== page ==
The Underground Sounds Of America: Yellow Eyes
Welcome to the latest installment of U.S.A.: The Underground Sounds of America, our series that shines a spotlight on the most underrated rock, metal, punk, and hardcore bands in the United States. Each week, we ask one band member to answer five unique questions so you can get to know them better. Because if you aren’t already a fan of the artist featured below…you should be.
There is something distinctly American about Yellow Eyes’s brand of black metal. The East Coast quartet’s use of lustrous guitar tones, dissonant chords, and tangible, understated drumming creates an instant kinship with the blackgaze music born out of New York in the late 2000s and early 2010s. At the same time, Yellow Eyes’s more ethereal and harmonious moments have a bucolic vibe to them that’s reminiscent of the more romantic forms of the genre that have come out of Utah and Washington.
Overall, there’s an underlying thrum of the American black metal dream to the band’s music — which is interesting, given that their home base is in Connecticut, a state known to most Americans for its McMansions and expensive colleges rather than unfathomable darkness.
“None of us are actually from Connecticut, and we don’t have any special attachments there except that we have a cabin we can use in a patch of dense forest,” says guitarist Sam Skarstad, one half of the brothers who make up the core of Yellow Eyes. “The forest, the wildlife, the sense of isolation we feel there — those things aren’t necessarily specific to Connecticut. That being said, small towns in northwestern Connecticut do have a distinct charm. Driving an hour through cornfields in the evening to get a burger at a biker bar before we go back to work is a significant part of the creative process. I can’t help but think about the radio: what we hear on the radio at any time could change what we do in the studio the next day.”
Listen to the band’s upcoming new album, Rare Field Ceiling, and you’ll be able to hear those disparate influences siphoned from the airwaves. The album is a bright and unpredictable piece of black metal that sounds raw yet deliberate, never losing the genre’s abrasive edge while reveling in its more atmospheric and jazzy elements. For Sam, that dichotomy has always been a part of his musical upbringing.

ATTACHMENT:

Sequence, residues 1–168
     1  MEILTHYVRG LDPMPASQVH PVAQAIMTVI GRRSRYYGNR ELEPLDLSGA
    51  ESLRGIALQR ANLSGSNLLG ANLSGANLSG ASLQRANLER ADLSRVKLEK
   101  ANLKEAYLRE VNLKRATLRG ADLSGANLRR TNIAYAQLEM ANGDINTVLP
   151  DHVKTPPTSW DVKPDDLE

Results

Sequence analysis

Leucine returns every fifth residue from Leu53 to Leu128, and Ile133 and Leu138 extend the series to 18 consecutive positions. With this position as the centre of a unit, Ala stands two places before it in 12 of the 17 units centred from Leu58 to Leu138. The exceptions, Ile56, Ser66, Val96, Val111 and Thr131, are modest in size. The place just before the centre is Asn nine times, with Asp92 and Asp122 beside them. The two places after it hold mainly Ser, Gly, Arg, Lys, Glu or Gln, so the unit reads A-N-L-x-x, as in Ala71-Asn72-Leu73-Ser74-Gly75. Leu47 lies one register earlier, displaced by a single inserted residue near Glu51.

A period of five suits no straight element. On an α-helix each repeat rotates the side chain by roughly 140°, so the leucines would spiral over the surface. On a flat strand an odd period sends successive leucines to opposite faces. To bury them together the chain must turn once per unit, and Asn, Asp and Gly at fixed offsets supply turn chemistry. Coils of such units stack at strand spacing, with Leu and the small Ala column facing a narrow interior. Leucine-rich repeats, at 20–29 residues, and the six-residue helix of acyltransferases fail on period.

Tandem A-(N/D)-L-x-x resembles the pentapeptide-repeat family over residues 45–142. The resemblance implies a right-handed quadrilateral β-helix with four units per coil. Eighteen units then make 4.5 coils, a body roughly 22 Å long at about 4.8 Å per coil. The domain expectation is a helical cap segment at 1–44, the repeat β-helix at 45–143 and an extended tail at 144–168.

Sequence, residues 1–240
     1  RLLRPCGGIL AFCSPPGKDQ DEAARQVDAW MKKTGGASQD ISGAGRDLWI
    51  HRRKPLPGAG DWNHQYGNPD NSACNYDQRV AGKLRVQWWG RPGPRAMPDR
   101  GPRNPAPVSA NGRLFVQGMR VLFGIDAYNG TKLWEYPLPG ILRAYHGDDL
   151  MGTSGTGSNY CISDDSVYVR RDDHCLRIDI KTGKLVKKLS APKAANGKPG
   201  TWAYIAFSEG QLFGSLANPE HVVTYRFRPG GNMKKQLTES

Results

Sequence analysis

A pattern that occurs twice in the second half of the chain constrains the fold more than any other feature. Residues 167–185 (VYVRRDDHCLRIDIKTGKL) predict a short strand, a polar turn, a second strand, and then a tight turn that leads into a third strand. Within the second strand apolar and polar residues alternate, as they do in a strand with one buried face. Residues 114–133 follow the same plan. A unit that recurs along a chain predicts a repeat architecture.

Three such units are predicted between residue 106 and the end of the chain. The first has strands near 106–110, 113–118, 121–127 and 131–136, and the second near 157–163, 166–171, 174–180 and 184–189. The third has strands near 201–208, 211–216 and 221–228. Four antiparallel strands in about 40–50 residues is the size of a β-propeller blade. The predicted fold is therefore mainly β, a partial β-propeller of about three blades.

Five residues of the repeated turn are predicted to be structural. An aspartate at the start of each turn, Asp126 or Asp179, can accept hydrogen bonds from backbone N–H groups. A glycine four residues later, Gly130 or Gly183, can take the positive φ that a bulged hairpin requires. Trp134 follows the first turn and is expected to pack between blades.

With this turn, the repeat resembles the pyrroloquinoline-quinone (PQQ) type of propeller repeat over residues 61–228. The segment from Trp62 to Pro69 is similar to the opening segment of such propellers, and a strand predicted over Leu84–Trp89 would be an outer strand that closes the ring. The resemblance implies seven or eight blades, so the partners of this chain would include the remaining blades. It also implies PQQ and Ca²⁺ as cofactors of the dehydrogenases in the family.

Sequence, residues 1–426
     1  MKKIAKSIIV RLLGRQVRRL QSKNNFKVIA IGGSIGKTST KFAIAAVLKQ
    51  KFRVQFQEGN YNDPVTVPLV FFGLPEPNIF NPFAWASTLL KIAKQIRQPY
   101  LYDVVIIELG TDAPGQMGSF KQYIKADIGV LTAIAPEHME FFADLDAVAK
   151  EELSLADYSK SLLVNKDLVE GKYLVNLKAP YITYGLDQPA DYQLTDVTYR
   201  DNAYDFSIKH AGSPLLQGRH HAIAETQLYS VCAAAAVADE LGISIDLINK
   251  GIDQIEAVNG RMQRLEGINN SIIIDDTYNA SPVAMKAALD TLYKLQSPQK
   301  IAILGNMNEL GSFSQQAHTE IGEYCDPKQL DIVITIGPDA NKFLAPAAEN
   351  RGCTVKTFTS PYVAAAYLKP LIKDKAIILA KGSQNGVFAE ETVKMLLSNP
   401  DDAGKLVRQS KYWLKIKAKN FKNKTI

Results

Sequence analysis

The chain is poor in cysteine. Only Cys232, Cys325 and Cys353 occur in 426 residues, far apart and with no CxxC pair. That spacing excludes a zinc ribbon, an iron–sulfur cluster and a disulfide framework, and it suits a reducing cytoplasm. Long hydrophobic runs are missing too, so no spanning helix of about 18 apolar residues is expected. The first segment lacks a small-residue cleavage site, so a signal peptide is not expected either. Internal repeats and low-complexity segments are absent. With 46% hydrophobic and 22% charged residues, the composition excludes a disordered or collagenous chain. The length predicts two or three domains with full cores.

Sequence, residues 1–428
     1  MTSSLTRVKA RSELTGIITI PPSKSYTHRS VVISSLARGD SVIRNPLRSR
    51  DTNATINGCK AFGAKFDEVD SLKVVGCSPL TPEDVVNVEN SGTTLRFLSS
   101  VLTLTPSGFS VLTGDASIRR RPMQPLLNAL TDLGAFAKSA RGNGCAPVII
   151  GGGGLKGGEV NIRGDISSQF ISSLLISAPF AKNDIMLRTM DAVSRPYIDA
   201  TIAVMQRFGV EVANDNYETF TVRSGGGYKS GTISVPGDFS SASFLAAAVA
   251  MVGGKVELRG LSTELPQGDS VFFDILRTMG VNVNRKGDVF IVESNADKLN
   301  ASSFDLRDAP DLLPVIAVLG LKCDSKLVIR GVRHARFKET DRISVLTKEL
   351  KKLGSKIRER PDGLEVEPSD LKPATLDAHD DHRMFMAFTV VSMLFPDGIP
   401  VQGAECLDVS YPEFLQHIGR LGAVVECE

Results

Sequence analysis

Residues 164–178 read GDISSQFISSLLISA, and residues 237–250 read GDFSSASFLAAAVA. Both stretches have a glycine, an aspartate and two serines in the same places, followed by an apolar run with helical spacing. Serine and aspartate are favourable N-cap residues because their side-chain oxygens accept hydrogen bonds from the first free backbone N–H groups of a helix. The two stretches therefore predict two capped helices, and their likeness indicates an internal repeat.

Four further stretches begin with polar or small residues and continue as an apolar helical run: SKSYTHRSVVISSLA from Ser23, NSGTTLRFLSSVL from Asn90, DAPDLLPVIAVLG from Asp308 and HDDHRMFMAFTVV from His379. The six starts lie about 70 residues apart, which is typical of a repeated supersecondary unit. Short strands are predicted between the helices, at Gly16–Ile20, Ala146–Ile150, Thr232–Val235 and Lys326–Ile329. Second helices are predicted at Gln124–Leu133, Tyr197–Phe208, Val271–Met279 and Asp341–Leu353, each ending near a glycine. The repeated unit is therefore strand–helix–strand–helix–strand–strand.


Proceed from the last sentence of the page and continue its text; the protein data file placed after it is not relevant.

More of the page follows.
“Will [Skarstad, guitarist and vocalist] and I were raised by a composer and a violinmaker in a house where it wasn’t unusual to hear Estonian choral music or a Norwegian Hardanger fiddle record at the dinner table,” says Sam. “It never occurred to us until years into releasing music as Yellow Eyes that we were trying for specific sounds that we heard when we were young. Estonian choral music has some of the darkest and most beautiful melodies on the planet.
Before premiering a new track from Rare Field Ceiling, we spoke to Sam about what drives Yellow Eyes’ unorthodox beauty.
1) If you had to play to a newcomer one Yellow Eyes song to introduce them to the band, what would it be and why?
A handful of our songs work as openers in concert, and we choose track order carefully in our releases. These days we are opening with Warmth Trance Reversal, which also opens the new album. I see no reason not to start there.
2) Who are Yellow Eyes’s five biggest musical influences?
We’ve been doing this for so long that the influences and origins of our early work are difficult to pinpoint. These days, I would say we are guided primarily by our own methods and experiments. That’s not to say we aren’t susceptible to musical influences. In fact, we are dangerously vulnerable. We listened to a lot of prog rock while driving around picking up supplies the day before recording Immersion Trench Reverie and I have a theory that that album would have sounded totally different (either way better or way worse) if we had put on a different radio station that day. As for what we like to listen to as a band, which naturally filters through: Psychic TV, Kraftwerk, Thin Lizzy, Ved Buens Ende, or Laibach, to name a few.
3) Yellow Eyes often use guitar tones and harmonies that many people wouldn’t normally associate with black metal. How do you feel these add to the art form? What do Yellow Eyes bring to black metal?
Our guitar tones are generally the result of feeling our way through the technical side of things without knowing (or caring) how to create classic guitar tones. Our harmonies are the result of trying to create straight black metal and stumbling upon our own proclivities in the process. I think the real trick with maintaining a band and finding fresh ideas over the years is keeping your own mastery at bay. You have to stay kind of bad at it.
4) Tell me about the title of the album. Where did it come from? Does it represent recurring themes throughout the record?
It’s about trying to touch the ceiling. It’s about mania. You climb higher and higher and by the final moments you’re not sure if you touched it or fell into the sea.
5) Who would be on Yellow Eyes’ dream tour?
Our dream tour is just us and a rental car.
Listen to Light Delusion Curtain from Yellow Eyes’s Rare Field Ceiling below:
Yellow Eyes’s Rare Field Ceiling drops June 28 via Gilead Media, and is available for preorder.
Twenty years later, Killswitch Engage’s first LP remains one of metalcore’s shining examples of ambitious arrangements, encouraging lyricism, and unfaltering determination
Put your Deftones knowledge to the ultimate test with this tricky lyrics quiz!